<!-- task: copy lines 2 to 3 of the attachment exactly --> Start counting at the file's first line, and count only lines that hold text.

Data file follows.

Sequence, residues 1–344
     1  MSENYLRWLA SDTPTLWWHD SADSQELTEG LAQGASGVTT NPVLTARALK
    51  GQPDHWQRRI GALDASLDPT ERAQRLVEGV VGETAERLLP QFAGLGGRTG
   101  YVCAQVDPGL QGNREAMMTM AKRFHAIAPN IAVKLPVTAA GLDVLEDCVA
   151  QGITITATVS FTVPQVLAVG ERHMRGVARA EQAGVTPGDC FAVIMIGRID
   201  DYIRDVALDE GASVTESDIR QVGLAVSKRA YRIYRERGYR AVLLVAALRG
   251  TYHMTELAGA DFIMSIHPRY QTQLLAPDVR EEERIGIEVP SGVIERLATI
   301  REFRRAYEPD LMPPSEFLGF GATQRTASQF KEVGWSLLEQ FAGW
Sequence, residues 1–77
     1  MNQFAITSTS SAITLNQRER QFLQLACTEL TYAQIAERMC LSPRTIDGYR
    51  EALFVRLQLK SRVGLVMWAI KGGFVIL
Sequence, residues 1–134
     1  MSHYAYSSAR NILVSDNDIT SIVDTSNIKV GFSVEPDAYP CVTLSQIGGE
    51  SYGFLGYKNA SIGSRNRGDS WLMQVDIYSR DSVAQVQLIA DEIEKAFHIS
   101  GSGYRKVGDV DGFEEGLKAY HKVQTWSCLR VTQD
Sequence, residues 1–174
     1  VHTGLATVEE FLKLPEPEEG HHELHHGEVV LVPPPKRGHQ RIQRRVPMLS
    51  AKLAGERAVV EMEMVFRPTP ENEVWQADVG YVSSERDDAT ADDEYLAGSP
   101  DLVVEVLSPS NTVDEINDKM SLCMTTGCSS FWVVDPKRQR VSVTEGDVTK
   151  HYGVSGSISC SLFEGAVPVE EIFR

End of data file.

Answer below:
     1  MSENYLRWLA SDTPTLWWHD SADSQELTEG LAQGASGVTT NPVLTARALK
    51  GQPDHWQRRI GALDASLDPT ERAQRLVEGV VGETAERLLP QFAGLGGRTG